I go through some EVOO, Canola and Grapeseed. I’ve discovered when buying some of these big bottles that they have a seal I can puncture with a straw (we have stainless reusable ones ’cause we’re saving the planet, right? RIGHT!) ANYhoo…using that tiny hole to pour your oil can save BIG on cleanup when the GLUG GLUG GLUG gets out of control…or am I the only person that this happens to? I think NOT. You can subscribe to get this tips ands tricks once every week or so here , and look at pretty food pictures here!
How many of you out there make your own pasta? Did you know that you can make it in bulk and freeze the freshly made pasta for up to a month and it’ll be NO WORSE for it! Just hand toss with a little extra flour to prevent clumping, throw it in a bag or container and into the deep freeze it goes.
Store bought pasta also freezes well after you cook it, but not for toooooo long cause it’ll dry up around the edges pretty quickly. One of Lula’s Catering ‘s favorite winter dishes, Linguine with Smoked Fish (in this case trout) is seen above – served at a Christmas Feast of the Seven Fishes!
If you’re lucky you’ve gotten ‘hold of some fresh King, Sockeye or Coho recently, and I have a tip for you regarding those “prickly” pin bones. If you bought whole, pull out a mixing bowl. If you bought portions, pull out a cereal bowl. Invert either bowl and lay the salmon skin side down over the bowl. Yes, you WANT THE SKIN on wild salmon!! It’s LOADED with nutrients, and delicious when crisped. Email me if you don’t know how to do that.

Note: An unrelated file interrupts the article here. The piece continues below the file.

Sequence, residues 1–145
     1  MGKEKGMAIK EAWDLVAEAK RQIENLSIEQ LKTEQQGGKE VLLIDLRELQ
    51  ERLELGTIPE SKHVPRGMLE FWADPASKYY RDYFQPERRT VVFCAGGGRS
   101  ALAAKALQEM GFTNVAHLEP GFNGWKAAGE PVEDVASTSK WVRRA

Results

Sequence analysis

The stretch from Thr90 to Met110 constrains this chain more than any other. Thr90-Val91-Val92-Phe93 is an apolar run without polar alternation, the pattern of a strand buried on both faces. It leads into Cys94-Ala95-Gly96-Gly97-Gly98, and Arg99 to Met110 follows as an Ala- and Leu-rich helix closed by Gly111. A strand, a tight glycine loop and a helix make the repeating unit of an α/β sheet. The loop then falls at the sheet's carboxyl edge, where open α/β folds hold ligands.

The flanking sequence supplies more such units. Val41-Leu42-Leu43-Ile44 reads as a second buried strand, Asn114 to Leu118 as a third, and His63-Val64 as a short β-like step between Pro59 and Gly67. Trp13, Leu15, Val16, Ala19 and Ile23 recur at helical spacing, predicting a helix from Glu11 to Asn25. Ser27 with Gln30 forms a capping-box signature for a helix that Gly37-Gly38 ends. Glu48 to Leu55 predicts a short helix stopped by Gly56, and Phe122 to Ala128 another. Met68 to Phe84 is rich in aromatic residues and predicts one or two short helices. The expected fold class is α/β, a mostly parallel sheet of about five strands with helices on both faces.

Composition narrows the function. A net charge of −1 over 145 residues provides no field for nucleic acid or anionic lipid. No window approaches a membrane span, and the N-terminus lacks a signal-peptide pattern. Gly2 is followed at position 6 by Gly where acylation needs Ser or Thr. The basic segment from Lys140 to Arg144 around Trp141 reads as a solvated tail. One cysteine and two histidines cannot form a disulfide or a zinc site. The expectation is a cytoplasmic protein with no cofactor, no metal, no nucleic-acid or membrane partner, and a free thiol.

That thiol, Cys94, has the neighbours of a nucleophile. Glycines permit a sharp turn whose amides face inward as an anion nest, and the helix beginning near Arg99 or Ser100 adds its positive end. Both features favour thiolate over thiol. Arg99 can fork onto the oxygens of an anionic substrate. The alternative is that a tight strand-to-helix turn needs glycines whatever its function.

The pin bones should be presenting themselves with this stretch. Take eyebrow tweezers (some use pliers I prefer tweezers) to the pin bones and gently pull. Easy peazy!
Folks we all know about the “Toothpick Test” when baking, but did you know that you don’t want a fully set crumb (clean toothpick) when baking with chocolate?
The longer chocolate is exposed to heat, the more its flavor compounds dissipate. For this reason, you always want a moist crumb (crumbs coming up on the toothpick) not an absence of crumbs. Obviously, you can tell if its BATTER you’re pulling up instead of crumb – we don’t want raw and we don’t want “fully set”!! Always err on the side of under done rather than fully done when baking with cocoa powder or chocolate! Happy baking, Lula